Essay on the meaning, kinds, evolution and importance of legends



Meaning of Legend

The term that is used to denote them tends to give the impression that legends are some kind of religious tales and1 there is no doubt that most of the legends do have a pronounced religious flavour but much of their importance attaches to their social and psychological aspect rather than the religious implication that they may have.

They, too, are an important organ of the cultural heritage. Despite their containing little in the way of any genuine information of truth they profoundly influence the cultural behaviour of the people.

Defining legend Kimball Young has called it "a form of social myth based, in part on historical fact, dealing chiefly with heroes and events related to the successes and failures of a group of society." In this way, legends are connected with events and heroes. And these heroes, in the majority of cases, are religious or at least, believed to be so. And these events which deserve to have legends said about them are usually of a divine supra- social or extraspcial nature.

As in the case of myths, the legends are also of an imaginary nature and in their transition from one generation to the following they are apt to be modified considerably. Besides being of a religious nature they are related to historical events and heroes.

These heroes to whom legends are attached command great respect and influence in society even if they are only imaginary figures. Often the mass of humanity attempts to mould its life along the lines of the lives led by legendary heroes. For example, there are so many legends attached to the life of Shri Krishna in India that he is now considered God with the result that there are few if any cultural or social spheres of Indian life that are immune to his influence. Folk tales and folk-songs arise out of these legends.

The common sense folk philosophy is based on these legends. These legends also communicate many superstitions in society of which most are of a religious nature.

Kinds of Legends

Generally legends may be divided into the following classes:

1. Religious legends

2. Political legends

3. Economic legends

4. Social legends

Evolution of legends

Kimball Young has enumerated the following points in the evolution of legends:

1. The development of legends takes place in the affective or emotional state of the people.

2. The sequence of legendary stories is apt to be marred by defects through imprecise narration in communication.

3. The retelling of legends further modifies and changes them.

4. In these legends, certain preconceptions about the subject of the legend are also formed.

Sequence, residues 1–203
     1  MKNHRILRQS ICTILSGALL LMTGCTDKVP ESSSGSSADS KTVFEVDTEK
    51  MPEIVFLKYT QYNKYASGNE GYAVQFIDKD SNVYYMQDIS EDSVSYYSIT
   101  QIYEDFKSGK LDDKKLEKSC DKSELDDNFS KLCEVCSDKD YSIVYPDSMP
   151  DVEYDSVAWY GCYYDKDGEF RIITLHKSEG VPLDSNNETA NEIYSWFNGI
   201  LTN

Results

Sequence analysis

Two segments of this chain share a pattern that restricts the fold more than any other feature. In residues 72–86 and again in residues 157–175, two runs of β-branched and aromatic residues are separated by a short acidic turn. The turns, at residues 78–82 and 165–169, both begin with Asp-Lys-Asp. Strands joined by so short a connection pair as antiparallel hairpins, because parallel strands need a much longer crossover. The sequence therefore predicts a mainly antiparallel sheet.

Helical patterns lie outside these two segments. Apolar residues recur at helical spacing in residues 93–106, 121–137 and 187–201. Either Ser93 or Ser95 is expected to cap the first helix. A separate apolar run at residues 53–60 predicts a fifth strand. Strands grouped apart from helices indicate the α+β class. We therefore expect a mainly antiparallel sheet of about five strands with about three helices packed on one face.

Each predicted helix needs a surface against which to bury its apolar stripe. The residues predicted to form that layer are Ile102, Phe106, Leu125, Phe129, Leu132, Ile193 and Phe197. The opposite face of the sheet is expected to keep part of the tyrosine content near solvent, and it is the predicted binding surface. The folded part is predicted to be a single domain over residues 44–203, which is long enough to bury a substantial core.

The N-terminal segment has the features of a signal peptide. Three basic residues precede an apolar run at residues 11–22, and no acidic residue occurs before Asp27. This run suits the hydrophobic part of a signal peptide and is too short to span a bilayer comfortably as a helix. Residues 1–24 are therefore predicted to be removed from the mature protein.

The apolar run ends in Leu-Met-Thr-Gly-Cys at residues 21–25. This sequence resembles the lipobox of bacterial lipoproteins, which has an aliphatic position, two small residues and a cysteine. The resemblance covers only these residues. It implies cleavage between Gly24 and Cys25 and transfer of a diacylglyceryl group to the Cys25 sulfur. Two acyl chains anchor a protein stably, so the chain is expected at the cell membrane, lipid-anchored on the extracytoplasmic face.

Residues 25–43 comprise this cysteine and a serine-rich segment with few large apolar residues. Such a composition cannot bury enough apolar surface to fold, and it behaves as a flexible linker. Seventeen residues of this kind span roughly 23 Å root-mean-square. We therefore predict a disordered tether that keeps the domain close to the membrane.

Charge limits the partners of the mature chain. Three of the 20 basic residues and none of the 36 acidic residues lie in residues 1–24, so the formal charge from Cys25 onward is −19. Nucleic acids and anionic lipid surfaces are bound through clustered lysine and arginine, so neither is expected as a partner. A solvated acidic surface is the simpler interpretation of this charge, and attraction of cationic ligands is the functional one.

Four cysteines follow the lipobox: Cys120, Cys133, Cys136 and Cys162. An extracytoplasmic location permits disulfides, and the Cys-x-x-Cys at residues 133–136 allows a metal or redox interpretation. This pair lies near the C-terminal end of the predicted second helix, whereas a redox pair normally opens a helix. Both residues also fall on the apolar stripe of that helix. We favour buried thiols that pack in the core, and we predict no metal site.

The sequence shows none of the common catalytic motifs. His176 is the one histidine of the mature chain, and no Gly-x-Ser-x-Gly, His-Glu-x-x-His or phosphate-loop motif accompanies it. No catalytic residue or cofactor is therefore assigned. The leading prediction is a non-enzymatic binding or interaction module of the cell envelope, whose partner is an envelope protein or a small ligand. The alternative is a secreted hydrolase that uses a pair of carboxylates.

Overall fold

5. In legends, the individual relating to them may misrepresent them.

6. In legends there is a tendency to simplify the objective situation.

7. In legends imagination is expressed in the form of stories and tales.

8. In legends, there is an effort or desire to influence the audience.

9. Legends are purposely and intentionally composed artificially.

10. They are also influenced by the time period that passes between their actual creation and their being retold.

In this way, then, the form of legend changes continually as it passes through its various stages of evolution and development, and yet, inspite of this, most of the people place such implicit faith in it that they are never tempted to think about its propriety or veracity and they accept it unquestioningly.

Legends differ from religious stories. Religious tales are usually of a traditional nature and are limited by customs. The mind is the recipient of peace after one related some or the other legend as apparent from the telling of or reading of the Bhagvad Gita, the Ramayana and the Satya Narayana.

In connection with the origin of legends, Kimball Young has written, "The more common situations in which myths and legends have arisen and still arise involve religion and supernaturalism, economic matters and political problems."

Importance of Legends

The preceding description of legends is sufficient to illustrate the social function of legends. They help the man to understand the events of nature and to elucidate them, besides helping him in his adjustment with Nature.

They represent the ideals and values of society. In this way, they also provide the opportunity of acquainting one self with the culture of the society that existed. The profundity of their influence is amply reflected in the fact that because of them it is possible to predict the behaviour of the individuals of a particular society.

To them are attached the emotions, feelings and assumptions of the individuals of a particular society. Customs and traditions evolved on the basis of legends. Correctly gauging their importance, Kimball Young has written, "We must remind ourselves that man does not live alone in a colourless universe of passive objectivity but in a subjective, emotionally toned world of attitudes and images, and that myth, ideology, and legend determine his conduct more than does the purely physical universe."